The Calf was made by al-Sāmirī (Q 20:85-87)—variously said to be a hypocrite from an Israelite tribe called al-Sāmira,  or a man who had belonged to a cow-worshiping people and who had joined the Israelites in Egypt, but who remained a cow-worshipper in his heart (Bayḍāwī, Qurṭubī, Tafsīrs, Zamakhsharī, Kashshāf, sub Q 20:85), or a non-Arab from Kirmān (Ibn ʿAṭiyya, Muḥarrar; Ibn Kathīr, Tafsīr)—from “their fine gold and silvery jewelry” (min ḥulīyyihim, cf. Q 7:148), while the Prophet Mūsā, upon him peace, had gone to the mountain to meet his Lord. The jewelry from which the Calf was made had belonged to the people of Pharaoh (āl Firʿawn); the Israelites had either borrowed it or it had come into their possession after the drowning of the original owners. In either case, the jewelry was not lawful for them to keep and they were asked (either by Hārūn, upon him peace, or Sāmirī) to give it up (cf. Tafsīrs of al-Ṭabarī; al-Qurṭubī; and Ibn Kathīr sub Q 20:87-88). When the Israelites piled the jewelry in a pit for fire to come down and consume it, Sāmirī flung a handful of dust into it and said, “Be a calf’s body which lows,” and it became so. The wind went into it from the back and came out from its mouth, and a sound was heard (Tafsīrs of Ṭabarī, sub Q 2:51; Qurṭubī, sub 20:87-88; Ibn Kathīr, sub Q 2:51). Sāmirī then said to the Israelites, This is your god and the god of Mūsa (Q 20:88) and they loved it more than anything else, even though Hārūn, upon him peace, had already said to them, ‘O my people, you are being tested by it; your Lord is the Most Merciful, so follow me and obey my orders’, but they said, We will never cease our devotion to it until Mūsā returns to us (Q 20:90-91) (Ṭabarī; Ibn Kathīr, Tafsīrs sub Q 2:51). Upon his return, Musā, upon him peace, asked his brother Hārūn, what prevented you from following me when you saw them going astray? He said, “O son of my mother! Seize not my beard or my head. Truly I feared that you would say, ‘You have caused division among the Children of Isrāʾīl, and you have not heeded my word’” (Q 20:94). Mūsa, upon him peace, then asked the fashioner of the Calf, “What was your purpose, O Sāmirī?” He said, “I saw that which they saw not. So I took a handful from the traces of the messenger (athar al-rasūl), and I cast it. Thus did my soul prompt me.” (Q 20:96).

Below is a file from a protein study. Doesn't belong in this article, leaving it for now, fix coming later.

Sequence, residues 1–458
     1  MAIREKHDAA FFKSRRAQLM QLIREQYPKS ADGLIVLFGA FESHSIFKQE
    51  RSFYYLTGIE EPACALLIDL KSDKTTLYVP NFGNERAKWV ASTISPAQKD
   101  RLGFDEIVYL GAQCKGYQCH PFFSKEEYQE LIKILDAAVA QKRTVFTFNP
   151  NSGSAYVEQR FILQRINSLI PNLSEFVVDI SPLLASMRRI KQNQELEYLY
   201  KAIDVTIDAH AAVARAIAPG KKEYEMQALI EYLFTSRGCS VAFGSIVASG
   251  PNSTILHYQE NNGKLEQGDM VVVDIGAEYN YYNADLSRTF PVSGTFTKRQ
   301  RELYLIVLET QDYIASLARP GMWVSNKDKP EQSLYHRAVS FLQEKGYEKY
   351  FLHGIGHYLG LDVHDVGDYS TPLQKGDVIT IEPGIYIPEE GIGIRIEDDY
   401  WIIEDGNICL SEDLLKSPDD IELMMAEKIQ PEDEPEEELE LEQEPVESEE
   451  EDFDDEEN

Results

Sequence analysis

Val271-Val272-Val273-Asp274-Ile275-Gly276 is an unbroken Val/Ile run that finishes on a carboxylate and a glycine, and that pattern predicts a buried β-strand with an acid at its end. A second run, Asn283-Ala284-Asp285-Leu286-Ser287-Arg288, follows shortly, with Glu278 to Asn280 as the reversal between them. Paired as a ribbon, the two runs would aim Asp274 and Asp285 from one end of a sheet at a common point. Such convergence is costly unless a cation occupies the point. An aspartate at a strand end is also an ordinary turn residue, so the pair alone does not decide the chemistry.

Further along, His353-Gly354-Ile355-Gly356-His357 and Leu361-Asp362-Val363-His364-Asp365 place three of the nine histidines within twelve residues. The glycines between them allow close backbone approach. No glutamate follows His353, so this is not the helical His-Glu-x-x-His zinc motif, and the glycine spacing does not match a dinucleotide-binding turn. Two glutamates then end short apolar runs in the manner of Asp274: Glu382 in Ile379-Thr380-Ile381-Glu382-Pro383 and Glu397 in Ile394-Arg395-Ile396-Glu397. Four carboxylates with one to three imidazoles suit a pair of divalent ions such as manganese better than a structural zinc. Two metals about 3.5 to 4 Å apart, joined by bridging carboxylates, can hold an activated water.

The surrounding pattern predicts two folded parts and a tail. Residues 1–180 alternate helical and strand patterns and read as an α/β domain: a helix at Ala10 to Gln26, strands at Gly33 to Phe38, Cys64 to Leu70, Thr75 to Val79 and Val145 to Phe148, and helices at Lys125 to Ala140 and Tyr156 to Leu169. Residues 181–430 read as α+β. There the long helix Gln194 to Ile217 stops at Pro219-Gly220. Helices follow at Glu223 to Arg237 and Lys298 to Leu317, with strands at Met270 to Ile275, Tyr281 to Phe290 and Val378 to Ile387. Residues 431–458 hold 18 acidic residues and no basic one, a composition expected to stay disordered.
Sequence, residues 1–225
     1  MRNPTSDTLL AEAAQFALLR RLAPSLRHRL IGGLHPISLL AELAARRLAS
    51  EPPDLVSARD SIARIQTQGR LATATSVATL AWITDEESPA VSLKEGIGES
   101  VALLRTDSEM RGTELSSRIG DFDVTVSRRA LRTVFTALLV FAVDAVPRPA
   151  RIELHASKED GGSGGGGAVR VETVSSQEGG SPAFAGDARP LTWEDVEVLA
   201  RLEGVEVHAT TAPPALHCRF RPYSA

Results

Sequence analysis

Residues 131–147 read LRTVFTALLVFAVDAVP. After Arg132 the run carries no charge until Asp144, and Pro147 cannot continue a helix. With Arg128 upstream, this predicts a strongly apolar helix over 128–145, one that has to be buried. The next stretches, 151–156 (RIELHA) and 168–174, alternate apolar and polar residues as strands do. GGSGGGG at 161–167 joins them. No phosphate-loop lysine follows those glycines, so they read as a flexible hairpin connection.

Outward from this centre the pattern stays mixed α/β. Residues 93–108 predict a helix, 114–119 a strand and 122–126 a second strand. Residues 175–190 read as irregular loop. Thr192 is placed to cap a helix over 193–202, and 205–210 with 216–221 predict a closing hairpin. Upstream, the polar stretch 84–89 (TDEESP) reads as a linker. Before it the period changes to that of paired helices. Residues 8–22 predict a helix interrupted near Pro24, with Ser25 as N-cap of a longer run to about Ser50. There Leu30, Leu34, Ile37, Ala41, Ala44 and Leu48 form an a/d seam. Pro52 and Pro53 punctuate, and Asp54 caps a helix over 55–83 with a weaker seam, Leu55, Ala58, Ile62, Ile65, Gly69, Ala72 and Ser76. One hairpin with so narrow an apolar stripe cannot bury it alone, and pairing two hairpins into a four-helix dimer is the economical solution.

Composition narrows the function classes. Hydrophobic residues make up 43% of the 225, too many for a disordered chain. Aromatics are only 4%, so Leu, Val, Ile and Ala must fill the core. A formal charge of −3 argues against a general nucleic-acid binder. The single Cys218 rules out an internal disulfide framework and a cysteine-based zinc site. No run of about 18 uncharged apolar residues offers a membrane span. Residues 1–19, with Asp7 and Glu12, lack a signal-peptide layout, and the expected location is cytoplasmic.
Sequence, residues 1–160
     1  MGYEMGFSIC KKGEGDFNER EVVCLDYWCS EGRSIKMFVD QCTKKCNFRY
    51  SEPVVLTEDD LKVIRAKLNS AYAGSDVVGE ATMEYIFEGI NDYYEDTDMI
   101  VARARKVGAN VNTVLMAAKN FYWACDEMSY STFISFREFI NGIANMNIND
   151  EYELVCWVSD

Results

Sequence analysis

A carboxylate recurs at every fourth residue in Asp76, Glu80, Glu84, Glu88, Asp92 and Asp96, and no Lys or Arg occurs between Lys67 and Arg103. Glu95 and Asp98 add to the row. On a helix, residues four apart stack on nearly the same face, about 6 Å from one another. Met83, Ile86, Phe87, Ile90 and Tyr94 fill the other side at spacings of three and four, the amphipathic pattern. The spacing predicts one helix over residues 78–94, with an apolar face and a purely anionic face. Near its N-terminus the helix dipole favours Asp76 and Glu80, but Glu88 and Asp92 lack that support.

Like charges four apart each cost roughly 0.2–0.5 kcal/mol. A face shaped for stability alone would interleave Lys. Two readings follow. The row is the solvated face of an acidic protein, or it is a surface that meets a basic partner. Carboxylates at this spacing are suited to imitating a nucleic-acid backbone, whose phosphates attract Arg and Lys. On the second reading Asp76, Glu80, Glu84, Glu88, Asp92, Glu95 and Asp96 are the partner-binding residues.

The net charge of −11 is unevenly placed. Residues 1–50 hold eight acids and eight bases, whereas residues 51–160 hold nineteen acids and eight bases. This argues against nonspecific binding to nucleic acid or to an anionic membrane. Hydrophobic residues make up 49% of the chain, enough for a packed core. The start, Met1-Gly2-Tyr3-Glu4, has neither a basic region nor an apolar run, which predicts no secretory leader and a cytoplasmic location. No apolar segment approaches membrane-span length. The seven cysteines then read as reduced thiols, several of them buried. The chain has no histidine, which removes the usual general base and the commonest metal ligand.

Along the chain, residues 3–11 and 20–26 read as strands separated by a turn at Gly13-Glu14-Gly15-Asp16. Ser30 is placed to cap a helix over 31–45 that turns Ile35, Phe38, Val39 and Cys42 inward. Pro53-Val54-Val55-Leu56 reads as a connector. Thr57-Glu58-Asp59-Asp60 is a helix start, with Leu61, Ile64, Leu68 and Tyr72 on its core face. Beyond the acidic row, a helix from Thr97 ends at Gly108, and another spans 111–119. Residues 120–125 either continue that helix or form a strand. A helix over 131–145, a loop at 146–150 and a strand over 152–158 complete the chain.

According to the majority view the jewelry transformed into a living Calf that walked and had blood and flesh. This opinion, held by Ibn ʿAbbās, al-Ḥasan al-Baṣrī (d. 110/728), and Qatāda b. Diʿāma (d. 117/735)—among others—is strengthened by a linguistic argument cited by many exegetes who point out that the Qurʾān uses the words jasad and khuwār for the body and sound of the Calf and both are used for a living creature (cf. Tafsīrs of Ṭabarī; Baghawī; ʿAbd al-Razzāq, sub Q 7:148; Rāzī, Tafsīr; Ālūsī Rūḥ, sub Q 2: 51). Jār Allāh Abūl-Qāsim al-Zamakhsharī (467-538/ca.1074-1143) and, in his wake, Fakhr al-Dīn Muhammad b. ʿUmar al-Rāzī (543-606/1148-1209) strengthen the arguments for the transformation of the jewelry into a living Calf by citing a variant reading by ʿAlī b. Abī Ṭālib (13bh-40/609-660)], may Allah be pleased with him, who read khuwār as juʾār (with jīm and hamza), from the verb jaʾara, meaning “to low, to moo” (Kashshāf; Tafsīr, sub Q 7:148). Quoting Ibn ʿAbbās (3bh-68/619-688), Abū al-Ḥasan ʿAlī b. Muḥammad b. Ḥabīb al-Māwardī (364-450/974-1058), however, forwards the view that the Calf produced the sound only once and never again (Nukat, sub Q 20:87; cf. Qurṭubī, Tafsīr, sub Q 7:148).